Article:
COVAX, the World Health Organization’s effort, formed in conjunction with various other global health initiatives, was established to pool financial contributions to purchase vaccines for middle- and low-income nations. It was founded in 2020 and heavily influenced by the Gates Foundation. COVAX has been only relatively successful at fundraising—it faces a $6.4 billion funding gap this year. “The goal was always limited,” Alexander Zaitchik recently wrote for The New Republic. “It aimed to provide vaccines for up to 20 percent of the population in low-to-middle-income countries. After that, governments would largely have to compete on the global market like everyone else.” While the Trump administration did not join the consortium, the Biden administration has, pledging $4 billion. In recent weeks, COVAX-procured vaccinations began to reach those in need, but structural issues prevail, including the high costs of distribution.

Other challenges, both structural and unforeseen, cripple any effort to bring equity to Covid-19 vaccine distribution, Arthur Caplan, the NYU bioethicist, told me: COVAX doesn’t seem to discern between countries that need the vaccine more than others, nor does it have the influence (or the will) to engage with local politics or corruption that may steer vaccines from needy residents to the elite. “One country that I had some knowledge of was trying to get the vaccine, but they were going to give it to their leaders in the military,” Caplan told me.

The example of COVAX is a bitter one if improving global public health is the objective. Covid-19 has forced us to acknowledge a serious and shameful apathy among wealthy countries toward global poverty and poor health. Caplan called our national malady a “vicious nationalism,” describing our collective attitude as, “it’s sort of three-fifths of a vote for the rest of the world’s population. They just don’t count in the same way,” he said. “There’s some racism built in but it’s, I don’t know, American parochialism. We’re not a worldly people.”

COVAX doesn’t seem to discern between countries that need the vaccine more than others, nor does it have the influence (or the will) to engage with local politics or corruption that may steer vaccines from needy residents to the elite.

The very tentative White House news that Covid-19 medicines and technologies may be liberated from IP protection rules comes almost a year after COVAX was formed and nearly six months after India and South Africa wrote a letter to their World Trade Organization peers requesting that IP laws be dropped to save lives. At least one hundred of the WTO’s 164 members agree with the proposal, but, as you might expect, the Western countries where these pharmaceutical corporations are based have blocked it. The WTO works by consensus.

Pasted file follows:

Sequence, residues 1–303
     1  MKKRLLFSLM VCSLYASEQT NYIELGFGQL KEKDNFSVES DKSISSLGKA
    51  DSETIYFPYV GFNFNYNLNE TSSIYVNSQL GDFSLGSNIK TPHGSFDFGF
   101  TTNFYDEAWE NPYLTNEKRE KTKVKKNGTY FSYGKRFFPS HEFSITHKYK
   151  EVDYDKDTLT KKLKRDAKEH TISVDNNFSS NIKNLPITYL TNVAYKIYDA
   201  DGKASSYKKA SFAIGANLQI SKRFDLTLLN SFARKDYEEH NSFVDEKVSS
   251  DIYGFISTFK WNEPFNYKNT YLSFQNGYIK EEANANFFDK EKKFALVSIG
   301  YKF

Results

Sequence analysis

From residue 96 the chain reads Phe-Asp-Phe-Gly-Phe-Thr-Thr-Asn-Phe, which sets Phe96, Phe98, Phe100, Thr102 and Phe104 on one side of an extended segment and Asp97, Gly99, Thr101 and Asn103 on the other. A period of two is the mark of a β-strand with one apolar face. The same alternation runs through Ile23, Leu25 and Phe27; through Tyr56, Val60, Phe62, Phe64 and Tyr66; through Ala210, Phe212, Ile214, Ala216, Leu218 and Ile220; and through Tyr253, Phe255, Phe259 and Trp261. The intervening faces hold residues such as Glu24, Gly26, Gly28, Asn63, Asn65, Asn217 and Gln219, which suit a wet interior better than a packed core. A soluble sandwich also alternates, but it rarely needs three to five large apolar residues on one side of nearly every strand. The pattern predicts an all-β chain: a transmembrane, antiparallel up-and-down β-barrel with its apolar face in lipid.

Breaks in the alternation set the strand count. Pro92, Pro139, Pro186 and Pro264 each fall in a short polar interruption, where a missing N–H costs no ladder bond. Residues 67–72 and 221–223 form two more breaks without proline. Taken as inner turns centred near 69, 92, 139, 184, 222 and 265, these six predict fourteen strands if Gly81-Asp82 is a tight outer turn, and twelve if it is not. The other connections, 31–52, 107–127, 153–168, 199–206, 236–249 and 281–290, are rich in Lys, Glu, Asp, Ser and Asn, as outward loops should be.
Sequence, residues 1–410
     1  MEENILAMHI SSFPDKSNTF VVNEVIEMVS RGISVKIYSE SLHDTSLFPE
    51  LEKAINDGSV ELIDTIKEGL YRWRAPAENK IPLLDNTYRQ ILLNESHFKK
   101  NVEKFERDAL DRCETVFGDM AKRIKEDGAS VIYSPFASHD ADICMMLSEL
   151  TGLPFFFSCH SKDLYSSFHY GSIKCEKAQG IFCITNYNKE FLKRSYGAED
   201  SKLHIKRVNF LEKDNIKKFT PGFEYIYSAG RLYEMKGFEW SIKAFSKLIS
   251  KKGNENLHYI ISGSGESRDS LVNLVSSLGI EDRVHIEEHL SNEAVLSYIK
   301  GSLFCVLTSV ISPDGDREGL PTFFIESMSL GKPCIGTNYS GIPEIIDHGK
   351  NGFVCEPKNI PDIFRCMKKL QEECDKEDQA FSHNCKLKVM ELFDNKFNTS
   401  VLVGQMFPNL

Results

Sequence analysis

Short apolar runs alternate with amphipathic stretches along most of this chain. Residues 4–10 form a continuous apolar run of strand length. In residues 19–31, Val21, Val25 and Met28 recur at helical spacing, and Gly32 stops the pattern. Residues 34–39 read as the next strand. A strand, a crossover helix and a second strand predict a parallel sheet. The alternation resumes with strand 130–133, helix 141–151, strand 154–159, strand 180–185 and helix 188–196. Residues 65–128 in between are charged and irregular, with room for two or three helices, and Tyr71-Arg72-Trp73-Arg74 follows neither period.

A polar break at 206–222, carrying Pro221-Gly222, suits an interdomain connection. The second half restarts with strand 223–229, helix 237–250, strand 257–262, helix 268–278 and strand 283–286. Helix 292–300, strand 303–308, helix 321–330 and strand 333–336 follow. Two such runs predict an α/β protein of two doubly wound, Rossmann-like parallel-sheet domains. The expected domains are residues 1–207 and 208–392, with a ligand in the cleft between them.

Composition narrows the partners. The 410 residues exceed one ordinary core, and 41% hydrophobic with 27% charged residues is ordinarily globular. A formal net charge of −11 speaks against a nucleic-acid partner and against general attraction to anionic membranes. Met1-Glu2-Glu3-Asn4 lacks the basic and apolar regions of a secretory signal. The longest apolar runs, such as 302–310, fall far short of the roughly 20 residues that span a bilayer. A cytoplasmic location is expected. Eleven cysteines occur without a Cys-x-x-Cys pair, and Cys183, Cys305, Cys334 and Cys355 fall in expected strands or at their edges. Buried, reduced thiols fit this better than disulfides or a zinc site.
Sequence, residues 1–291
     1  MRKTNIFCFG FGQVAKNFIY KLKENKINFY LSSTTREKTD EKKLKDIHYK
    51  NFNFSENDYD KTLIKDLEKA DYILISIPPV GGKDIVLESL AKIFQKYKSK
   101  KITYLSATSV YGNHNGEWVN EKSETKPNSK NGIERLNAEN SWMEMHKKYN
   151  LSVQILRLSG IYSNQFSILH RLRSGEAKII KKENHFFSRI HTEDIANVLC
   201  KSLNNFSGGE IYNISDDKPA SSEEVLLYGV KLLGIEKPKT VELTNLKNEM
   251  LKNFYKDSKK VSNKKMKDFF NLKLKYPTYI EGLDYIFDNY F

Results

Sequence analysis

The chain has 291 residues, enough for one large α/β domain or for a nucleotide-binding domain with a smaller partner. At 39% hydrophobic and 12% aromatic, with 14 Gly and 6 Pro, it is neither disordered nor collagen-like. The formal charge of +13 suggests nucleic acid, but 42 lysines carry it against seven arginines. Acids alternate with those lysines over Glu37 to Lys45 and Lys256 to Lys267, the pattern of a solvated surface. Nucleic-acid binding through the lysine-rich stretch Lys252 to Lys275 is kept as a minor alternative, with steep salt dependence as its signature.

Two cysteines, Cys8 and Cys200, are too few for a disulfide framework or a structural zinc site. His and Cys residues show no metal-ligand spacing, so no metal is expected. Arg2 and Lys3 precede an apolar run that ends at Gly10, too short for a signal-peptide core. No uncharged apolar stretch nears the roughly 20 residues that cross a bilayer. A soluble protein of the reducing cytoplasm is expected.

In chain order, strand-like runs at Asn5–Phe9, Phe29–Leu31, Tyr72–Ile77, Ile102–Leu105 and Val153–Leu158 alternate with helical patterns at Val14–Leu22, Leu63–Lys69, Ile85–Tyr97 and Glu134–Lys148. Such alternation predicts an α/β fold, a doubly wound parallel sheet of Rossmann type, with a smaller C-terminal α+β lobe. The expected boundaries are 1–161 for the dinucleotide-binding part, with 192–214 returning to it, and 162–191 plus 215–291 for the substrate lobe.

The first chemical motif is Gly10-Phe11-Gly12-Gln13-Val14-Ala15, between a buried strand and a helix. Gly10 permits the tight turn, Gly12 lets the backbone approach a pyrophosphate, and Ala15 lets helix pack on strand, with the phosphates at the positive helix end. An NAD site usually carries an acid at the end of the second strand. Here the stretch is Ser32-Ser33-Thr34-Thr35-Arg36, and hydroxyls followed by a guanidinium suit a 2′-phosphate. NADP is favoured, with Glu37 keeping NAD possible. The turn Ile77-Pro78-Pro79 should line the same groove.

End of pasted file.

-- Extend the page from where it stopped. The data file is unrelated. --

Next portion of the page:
According to the industry publication Pharmaceutical Technology, opponents of the request also include industry associations like the International Federation of Pharmaceutical Manufacturers & Associations, whose director-general said, “At a time when the focus should be on science and innovation, undoing the very system that supports it is dangerous and counterintuitive.” The U.S. Chamber of Commerce also opposes the request.

“Not only do they get a lot of money guaranteed for work on Covid vaccines,” Caplan told me of Big Pharma, “but they’ve also rebuilt their reputation in a way that no one could have predicted.”

And richer countries’ contracts have left little supply for COVAX to buy, while driving up prices to a degree that makes it difficult for COVAX to compete. “Most vaccine doses have already been purchased by high-income countries; whereas they represent just 16 percent of the global population, high-income countries have purchased 56 percent of vaccine doses,” a February 18 white paper by Kaiser Family Foundation noted.

“The world is on the brink of a catastrophic moral failure,” Tedros Adhanom Ghebreyesus, the Ethiopian Director-General of WHO said in January. He called for governments with easy access to vaccines to inoculate their health care workers and older populations and share what they had left over with those in the highest risk countries so they might do the same. He also called on manufacturers to allocate vaccines equitably. The United States could take the lead, but the Biden administration would have to be willing to shatter some cherished myths about the magic of free-market economies—myths that have been very beneficial for a small group of big pharmaceutical companies.